Seeing a Premier League game at Fulham FC in London is, for Paul, the epitome…
Fulham’s Craven Cottage: A Proper Civilized Football Ground
Going to a game at Fulham is among the more civilized experiences I’ve had in my English soccer travels.
First, it’s in a lovely and posh area of West London, and to get there from the nearest tube station you actually walk through a park along the River Thames. Second, the ground, Craven Cottage, is about as old-fashioned and charming as you can get. Looking across at the Johnny Haynes Stand from the Riverside Stand, it might as well be 1879! I wonder if anything but the lights have changed. In either side stand, there are hardly 30 rows of seats, and in the Haynes Stand, many are still wooden!
Even on this night, which was technically a London derby, there was less noise in the ground than any place I’ve been. The visitors, Charlton, were from just across London, but in everything I’ve read about either club, there seems no particular animosity between them. I suppose London is big enough for each to concentrate on clubs in their own end of town: Fulham particularly hate Queens Park Rangers and Chelsea, while Charlton have it in for West Ham and Crystal Palace.
(Note: This post was written in 2014, when both clubs were in the Championship. Now Fulham are in the Premier League and Charlton are in League One. Here’s a guide to all the leagues and cups of English soccer.)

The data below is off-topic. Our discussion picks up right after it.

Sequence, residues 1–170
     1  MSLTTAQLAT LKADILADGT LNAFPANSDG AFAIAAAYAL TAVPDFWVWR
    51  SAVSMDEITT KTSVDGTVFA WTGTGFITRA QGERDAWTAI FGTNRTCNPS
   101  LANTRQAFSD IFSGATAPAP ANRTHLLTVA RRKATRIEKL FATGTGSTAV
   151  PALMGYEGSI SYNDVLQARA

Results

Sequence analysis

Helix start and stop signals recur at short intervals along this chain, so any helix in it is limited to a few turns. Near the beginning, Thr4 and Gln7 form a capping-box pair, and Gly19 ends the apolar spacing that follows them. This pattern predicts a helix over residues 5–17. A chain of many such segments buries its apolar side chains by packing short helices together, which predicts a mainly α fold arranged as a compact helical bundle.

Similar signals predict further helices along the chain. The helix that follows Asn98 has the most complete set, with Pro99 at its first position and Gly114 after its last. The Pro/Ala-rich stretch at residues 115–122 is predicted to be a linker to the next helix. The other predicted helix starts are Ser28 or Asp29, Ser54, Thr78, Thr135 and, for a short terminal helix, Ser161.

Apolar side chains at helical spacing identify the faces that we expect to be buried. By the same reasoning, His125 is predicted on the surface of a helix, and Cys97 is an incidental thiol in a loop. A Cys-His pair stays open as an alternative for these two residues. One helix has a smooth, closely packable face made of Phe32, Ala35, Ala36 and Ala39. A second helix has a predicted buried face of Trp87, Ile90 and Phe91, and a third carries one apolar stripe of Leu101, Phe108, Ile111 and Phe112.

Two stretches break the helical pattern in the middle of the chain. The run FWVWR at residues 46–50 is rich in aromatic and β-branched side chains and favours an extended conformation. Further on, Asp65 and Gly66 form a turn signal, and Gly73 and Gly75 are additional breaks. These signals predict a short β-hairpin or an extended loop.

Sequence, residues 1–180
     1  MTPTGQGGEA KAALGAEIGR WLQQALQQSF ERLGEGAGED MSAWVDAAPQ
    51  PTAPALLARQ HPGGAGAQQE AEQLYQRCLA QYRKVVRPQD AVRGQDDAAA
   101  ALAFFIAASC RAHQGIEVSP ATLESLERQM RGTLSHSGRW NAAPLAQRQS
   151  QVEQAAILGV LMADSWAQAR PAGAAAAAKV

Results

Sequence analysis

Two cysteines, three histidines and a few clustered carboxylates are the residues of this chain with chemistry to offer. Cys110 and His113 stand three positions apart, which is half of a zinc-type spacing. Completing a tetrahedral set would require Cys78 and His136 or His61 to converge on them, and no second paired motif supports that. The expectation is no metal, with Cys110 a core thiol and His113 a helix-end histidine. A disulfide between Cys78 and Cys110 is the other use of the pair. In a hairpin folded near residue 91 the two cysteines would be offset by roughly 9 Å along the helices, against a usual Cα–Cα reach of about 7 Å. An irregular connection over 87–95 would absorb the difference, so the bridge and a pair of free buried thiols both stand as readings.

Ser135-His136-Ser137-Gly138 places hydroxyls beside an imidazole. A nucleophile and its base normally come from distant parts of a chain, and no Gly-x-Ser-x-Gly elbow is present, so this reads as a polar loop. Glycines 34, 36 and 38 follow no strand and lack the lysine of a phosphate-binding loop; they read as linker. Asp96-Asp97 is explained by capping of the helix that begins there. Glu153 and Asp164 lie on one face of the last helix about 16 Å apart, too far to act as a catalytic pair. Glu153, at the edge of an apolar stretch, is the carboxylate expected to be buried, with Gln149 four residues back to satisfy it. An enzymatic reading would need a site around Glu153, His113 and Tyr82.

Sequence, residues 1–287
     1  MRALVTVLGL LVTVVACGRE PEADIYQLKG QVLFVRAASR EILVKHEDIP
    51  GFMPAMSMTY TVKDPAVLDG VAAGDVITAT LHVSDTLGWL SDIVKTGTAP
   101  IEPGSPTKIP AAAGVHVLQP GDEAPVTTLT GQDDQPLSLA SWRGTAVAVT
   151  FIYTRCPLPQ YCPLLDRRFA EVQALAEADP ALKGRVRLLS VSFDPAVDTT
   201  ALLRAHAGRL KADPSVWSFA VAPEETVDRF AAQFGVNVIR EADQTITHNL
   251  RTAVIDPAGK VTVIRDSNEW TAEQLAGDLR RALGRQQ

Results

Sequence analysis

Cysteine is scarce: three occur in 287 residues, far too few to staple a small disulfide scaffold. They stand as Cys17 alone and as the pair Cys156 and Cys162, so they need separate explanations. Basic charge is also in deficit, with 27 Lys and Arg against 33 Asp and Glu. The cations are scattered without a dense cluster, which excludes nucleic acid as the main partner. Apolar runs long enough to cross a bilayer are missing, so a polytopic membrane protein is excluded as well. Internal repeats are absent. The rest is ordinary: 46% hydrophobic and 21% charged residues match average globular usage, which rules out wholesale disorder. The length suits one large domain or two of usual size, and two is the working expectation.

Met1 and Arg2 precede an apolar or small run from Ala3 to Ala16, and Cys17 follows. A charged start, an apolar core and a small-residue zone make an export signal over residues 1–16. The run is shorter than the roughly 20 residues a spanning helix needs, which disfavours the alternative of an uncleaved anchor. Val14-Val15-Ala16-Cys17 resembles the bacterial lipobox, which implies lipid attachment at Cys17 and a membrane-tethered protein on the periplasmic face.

(For a bit more background, I have a post on a tour of Craven Cottage and also a sample chapter from my book on Fulham.)
We settled into our seats by the banks of the Thames, and I had a proper “Craven Cottage Pie” with a coffee. Looking around at the other fans, I realized they seemed a crowd I am quite used to: I grew up in the world of private schools and country clubs, and if you just mix in considerably more faces of color than I knew then, you’ve got the Fulham home crowd. They even tolerated a couple of Charlton folks in our section.
The main Charlton crowd in the corner were in decent voice, in particular making fun of the Fulham Faithful’s lack of singing. They did “Shall We Sing a Song For You” and “Your Support is Fucking Shit,” and they even threw in a parody of Fulham’s “One Team in Fulham,” changing it to “Shit Team in Chelsea.”
The teams came out to the tune of “Too Good to be True,” which hardly anyone in my section sang. That was before I shot this video.
And when the lineups were announced, the one bit of tension emerged: The Charlton fans booed Scott Parker! I couldn’t imagine why, but they were really into it. Turns out we had free WiFi in the ground (did I mention how civilized Fulham is?) so I looked it up. Turns out he played there for seven years, during which he was an England midfielder and a rising star, then he left for Chelsea. Before he went, there were quotes from his manager that his attitude was lacking in training – and to make things worse, he later showed up at West Ham!